A cluster algorithm for graphs called the emph{Markov Cluster algorithm (MCL~algorithm) is introduced. The algorithm provides basically an interface to an algebraic process defined on stochastic matrices, called the MCL~process. The graphs may be both weighted (with nonnegative weight) and directed. Let~$G$~be such a graph. The MCL~algorithm simulates flow in $G$ by first identifying $G$ in a canonical way with a Markov graph $G_1$. Flow is then alternatingly expanded and contracted, leading to a row of Markov Graphs $G_{(i)$. Flow expansion corresponds with taking the~$k^{th$~power of a stochastic matrix, where~$kinN$. Flow contraction corresponds with a parametrized operator~$Gamma_r$, $rgeq 0$, which maps the set of (column) stochastic matrices onto itself. The image~$Gamma_r M$ is obtained by raising each entry in~$M$ to the~$r^{th$~power and rescaling each column to have sum~$1$ again. The heuristic underlying this approach is the expectation that flow between dense regions which are sparsely connected will evaporate. The invariant limits of the process are easily derived and in practice the process converges very fast to such a limit, the structure of which has a generic interpretation as an overlapping clustering of the graph~$G$. Overlap is limited to cases where the input graph has a symmetric structure inducing it. The contraction and expansion parameters of the MCL~process influence the granularity of the output. The algorithm is space and time efficient and lends itself to drastic scaling. This report describes the MCL~algorithm and process, convergence towards equilibrium states, interpretation of the states as clusterings, and implementation and scalability. The algorithm is introduced by first considering several related proposals towards graph clustering, of both combinatorial and probabilistic nature. Revised version of the report~[1]. A more mathematically oriented account on the MCL~process is given in~[2], establishing that under certain weak conditions the iterands of the MCL~process posses structure admitting a cluster interpretation. Various experiments conducted on a wide range of test-graphs are described in~[3]. The latter report also describes a generic graph clustering performance measure and a distance defined on the space of partitions. The work was carried out under project INS-3.2, Concept Building from Key-Phrases in Scientific Documents and Bottom Up Classification Methods in Mathematics. [1] A new cluster algorithm for graphs. Technical report INS-R9814, National Research Institute for Mathematics and Computer Science in the Netherlands, Amsterdam, 1998. [2] A stochastic uncoupling process for graphs. Technical report INS-R0011, National Research Institute for Mathematics and Computer Science in the Netherlands, Amsterdam, 2000. [3] Performance criteria for graph clustering and Markov cluster experiments. Technical report INS-R0012, National Research Institute for Mathematics and Computer Science in the Netherlands, Amsterdam, 2000.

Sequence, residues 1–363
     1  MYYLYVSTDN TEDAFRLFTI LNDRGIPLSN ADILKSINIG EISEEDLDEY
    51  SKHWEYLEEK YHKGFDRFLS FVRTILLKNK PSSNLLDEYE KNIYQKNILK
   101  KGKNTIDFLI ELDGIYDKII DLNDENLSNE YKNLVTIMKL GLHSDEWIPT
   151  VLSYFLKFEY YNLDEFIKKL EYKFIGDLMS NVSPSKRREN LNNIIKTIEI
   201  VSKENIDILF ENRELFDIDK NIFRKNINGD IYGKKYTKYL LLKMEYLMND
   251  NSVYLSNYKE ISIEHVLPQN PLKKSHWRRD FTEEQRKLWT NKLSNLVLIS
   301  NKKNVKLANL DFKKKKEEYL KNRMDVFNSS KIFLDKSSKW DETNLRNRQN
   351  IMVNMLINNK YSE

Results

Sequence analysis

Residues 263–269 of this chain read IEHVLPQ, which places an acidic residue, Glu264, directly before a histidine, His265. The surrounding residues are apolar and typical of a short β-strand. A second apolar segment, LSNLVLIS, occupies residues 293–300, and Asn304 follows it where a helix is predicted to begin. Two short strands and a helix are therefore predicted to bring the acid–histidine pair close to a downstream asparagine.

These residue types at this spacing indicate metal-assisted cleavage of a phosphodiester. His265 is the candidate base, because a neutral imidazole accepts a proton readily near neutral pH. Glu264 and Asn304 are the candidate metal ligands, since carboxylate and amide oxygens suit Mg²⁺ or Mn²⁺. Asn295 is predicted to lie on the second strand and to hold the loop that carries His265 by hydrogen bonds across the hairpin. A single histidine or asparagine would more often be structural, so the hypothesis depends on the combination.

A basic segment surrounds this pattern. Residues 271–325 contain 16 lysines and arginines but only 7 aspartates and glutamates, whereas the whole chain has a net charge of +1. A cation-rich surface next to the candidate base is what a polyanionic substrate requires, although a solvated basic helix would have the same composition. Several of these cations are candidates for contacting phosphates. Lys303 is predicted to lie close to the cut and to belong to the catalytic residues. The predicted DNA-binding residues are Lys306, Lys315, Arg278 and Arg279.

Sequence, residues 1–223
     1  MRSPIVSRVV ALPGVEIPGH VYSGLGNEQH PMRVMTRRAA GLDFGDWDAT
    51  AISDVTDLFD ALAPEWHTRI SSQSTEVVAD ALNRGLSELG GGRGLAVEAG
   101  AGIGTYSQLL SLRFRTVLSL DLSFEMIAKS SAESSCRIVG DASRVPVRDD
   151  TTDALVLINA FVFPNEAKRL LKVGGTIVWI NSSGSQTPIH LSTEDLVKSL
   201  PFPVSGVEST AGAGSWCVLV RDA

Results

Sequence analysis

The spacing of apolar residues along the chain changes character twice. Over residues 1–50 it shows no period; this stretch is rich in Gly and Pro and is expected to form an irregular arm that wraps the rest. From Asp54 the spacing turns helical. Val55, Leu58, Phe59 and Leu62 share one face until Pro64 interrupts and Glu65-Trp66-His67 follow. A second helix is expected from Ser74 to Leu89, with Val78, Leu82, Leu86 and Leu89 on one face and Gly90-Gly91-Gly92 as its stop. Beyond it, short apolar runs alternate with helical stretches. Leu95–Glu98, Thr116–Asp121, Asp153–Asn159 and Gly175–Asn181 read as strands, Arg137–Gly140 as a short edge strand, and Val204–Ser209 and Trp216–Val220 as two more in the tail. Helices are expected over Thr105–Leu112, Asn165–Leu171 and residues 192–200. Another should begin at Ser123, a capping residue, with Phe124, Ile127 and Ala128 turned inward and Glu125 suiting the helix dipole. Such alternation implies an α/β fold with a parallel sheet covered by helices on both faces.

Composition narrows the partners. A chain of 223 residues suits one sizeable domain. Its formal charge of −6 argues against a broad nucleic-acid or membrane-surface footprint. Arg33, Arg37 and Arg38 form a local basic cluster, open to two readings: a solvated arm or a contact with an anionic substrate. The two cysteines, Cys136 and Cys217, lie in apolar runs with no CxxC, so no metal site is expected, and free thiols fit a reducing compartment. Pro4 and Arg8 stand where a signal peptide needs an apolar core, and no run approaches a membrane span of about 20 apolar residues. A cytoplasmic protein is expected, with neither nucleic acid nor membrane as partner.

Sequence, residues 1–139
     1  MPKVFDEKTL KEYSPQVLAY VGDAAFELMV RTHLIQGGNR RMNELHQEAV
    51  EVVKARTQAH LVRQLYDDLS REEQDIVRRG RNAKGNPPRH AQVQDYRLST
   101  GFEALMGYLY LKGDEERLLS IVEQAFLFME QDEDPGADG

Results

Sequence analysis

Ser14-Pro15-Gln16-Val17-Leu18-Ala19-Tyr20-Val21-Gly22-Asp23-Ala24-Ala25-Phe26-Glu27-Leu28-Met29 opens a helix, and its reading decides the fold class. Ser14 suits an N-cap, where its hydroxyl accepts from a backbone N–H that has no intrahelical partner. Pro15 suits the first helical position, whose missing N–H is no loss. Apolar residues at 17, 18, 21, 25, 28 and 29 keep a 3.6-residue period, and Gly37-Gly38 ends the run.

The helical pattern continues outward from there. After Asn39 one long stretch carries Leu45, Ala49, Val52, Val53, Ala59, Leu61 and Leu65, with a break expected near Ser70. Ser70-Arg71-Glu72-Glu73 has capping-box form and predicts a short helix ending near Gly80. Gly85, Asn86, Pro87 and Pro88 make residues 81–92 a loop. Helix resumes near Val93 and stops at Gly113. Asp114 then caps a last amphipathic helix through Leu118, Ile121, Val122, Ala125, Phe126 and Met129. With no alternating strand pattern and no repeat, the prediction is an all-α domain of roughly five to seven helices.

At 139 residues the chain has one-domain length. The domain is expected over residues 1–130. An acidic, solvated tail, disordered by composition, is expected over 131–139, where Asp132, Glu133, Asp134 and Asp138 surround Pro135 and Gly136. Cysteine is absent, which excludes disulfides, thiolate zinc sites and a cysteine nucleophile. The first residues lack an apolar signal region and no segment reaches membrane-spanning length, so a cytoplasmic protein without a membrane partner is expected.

Matrices (incidence, Hadamard, etc.) (msc 05B20), Positive matrices and their generalizations; cones of matrices (msc 15B48), Classification and discrimination; cluster analysis (msc 62H30), Graph theory (including graph drawing) (msc 68R10), Pattern recognition, speech recognition (msc 68T10), Programming involving graphs or networks (msc 90C35)
Information Systems [INS]

van Dongen, S. (2000). A cluster algorithm for graphs. Information Systems [INS]. CWI.